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Review: Ned Boulting's Tour de Ned stageshow

16 Oct 2018

Ned Boulting recaps the 2018 Tour de France in this freewheeling one-man show

Cyclist Rating: 
• Funny • Insightful • Idiosyncratic
• Perhaps too niche to pass off as a night at the theatre to your partner

The 2018 Tour de France had moments of drama, a few upsets, and a couple of dull days. But was there enough comedy to sustain a two-hour one-man show? Ned Boulting thinks so, and having followed every second of the race as part of ITV’s coverage he should know.

Off the back of that experience, he’s put together the Tour de Ned. Described as 'reliving the best moments from the summer as seen from the sometimes wonky perspective of a man paid to watch the telly and shout out names as riders climb, crash, stop for a poo and attack each other,' it’s touring for 21 dates, one for each stage of the race.

I caught an early performance in cycling’s spiritual home of Richmond-upon-Thames.

Buy a ticket for Ned Boulting's Tour de Ned from Ticketmaster

Ned out of context

So used to seeing Boulting as the unflappable presenter of ITV’s cycling coverage, at first watching him dashing about on stage is a bit like discovering your teacher is in a rock band.

Initially disconcerting, happily it turns out that Boulting also has a good line in slapstick and comedy along with his obvious presenting talents.

Funny and self-effacing he’s a likeable guide to the world’s largest sporting event. A very personal take on the Tour, the unglamorous stream of cheap hotels and crap food that forms the backdrop of his yearly dash after it yields much of the evening’s material.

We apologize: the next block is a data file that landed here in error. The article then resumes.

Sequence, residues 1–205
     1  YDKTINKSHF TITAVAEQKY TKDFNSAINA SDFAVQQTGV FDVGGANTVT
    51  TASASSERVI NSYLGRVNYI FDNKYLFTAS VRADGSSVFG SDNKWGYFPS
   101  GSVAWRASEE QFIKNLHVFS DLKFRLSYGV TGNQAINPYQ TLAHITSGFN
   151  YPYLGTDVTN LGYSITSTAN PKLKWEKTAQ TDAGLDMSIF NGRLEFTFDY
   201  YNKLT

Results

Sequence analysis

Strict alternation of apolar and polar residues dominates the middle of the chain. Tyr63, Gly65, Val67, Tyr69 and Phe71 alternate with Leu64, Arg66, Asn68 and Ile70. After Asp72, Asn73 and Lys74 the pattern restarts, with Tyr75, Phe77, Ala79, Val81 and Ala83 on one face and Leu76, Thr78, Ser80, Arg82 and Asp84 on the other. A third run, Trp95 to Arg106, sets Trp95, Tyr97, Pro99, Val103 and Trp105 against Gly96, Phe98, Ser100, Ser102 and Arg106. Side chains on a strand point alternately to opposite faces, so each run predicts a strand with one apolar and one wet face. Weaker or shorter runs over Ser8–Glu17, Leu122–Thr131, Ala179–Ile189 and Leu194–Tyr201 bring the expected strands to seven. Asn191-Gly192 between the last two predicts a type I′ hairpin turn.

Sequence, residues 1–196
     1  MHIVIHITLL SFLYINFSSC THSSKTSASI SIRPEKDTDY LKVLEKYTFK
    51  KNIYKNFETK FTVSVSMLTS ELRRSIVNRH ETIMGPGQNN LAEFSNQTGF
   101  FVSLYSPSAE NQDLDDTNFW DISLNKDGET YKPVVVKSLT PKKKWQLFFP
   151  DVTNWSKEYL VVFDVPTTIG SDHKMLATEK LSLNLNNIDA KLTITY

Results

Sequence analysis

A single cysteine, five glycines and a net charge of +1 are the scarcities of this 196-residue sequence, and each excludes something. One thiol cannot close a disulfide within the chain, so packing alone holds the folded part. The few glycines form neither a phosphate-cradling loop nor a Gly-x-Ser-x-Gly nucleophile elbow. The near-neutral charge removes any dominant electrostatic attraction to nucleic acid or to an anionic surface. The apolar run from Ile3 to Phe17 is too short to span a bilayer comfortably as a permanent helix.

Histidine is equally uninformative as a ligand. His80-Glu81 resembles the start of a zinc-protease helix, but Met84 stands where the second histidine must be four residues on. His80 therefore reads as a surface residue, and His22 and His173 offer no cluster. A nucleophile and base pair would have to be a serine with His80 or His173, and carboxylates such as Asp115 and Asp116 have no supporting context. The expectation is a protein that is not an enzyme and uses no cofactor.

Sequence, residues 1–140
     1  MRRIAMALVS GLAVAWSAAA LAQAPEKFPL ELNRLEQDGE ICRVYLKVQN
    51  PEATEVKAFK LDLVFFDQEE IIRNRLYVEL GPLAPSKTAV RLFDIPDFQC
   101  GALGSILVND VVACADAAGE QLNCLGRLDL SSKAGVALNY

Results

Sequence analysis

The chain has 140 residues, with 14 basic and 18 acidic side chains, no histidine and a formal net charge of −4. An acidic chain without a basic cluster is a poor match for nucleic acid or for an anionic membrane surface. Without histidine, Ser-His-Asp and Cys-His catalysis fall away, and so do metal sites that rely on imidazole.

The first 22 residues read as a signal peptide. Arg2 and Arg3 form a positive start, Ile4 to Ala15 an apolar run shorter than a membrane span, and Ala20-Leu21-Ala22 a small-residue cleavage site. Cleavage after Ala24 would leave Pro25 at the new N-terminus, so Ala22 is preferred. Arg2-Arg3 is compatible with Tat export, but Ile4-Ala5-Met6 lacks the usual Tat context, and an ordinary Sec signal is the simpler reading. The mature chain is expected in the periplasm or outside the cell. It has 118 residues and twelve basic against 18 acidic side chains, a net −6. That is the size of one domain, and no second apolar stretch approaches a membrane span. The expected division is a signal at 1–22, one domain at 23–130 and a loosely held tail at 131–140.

It’s strange seeing someone you feel you know well in a different scenario. Boulting plays himself, but it’s a slightly different Boulting from the Boulting on the telly.

In the same way, it’s a show about the Tour de France but also about commentating on the Tour de France.

Although not present, his relationship with co-presenter and former racer David Millar also features heavily. Part dandy, part naughty child, there’s enough genuine affection for Boulting to get some funny and close to the bone jokes out of Millar’s foibles both past and current.

Locked in either a car or a darkened commentary box for days on end, there’s also the sense that Boulting might be suffering from Stockholm syndrome, turning up on stage aboard a David Millar special edition Brompton and wearing a David Millar branded t-shirt.

Thinking only of the racing

But what about the racing? Before the show, I caught up with Boulting. Like the hack I am, I tried to get him to dish the dirt regarding the presenter's opinions of the riders on who he commentates.

Sadly I found myself believing him when he claimed all he really cares about is great bike racing, something evidenced by his current crush on Quick-Steps Floors’s Julian Alaphilippe.

Certainly, there’s no patriotic twinge to any of his work, unlike some of the other nation’s commentary squads. He’s scrupulously even-handed.

So where does he extract the comedy from? There’s a very good impression of Team Sky director David Brailsford, involving what looks like a condom.

In fact, ragging on Team Sky and Chris Froome provides a fair bit of mileage. However, despite mentions of potential scandals - a duvet sized jiffy bag and a man-sized inhaler are both props - the overall tone is joshing, rather than biting.

Clearly, he’s not alienated either too much, as Froome himself makes a pre-recorded appearance to provide the punchline to one of the shows better jokes.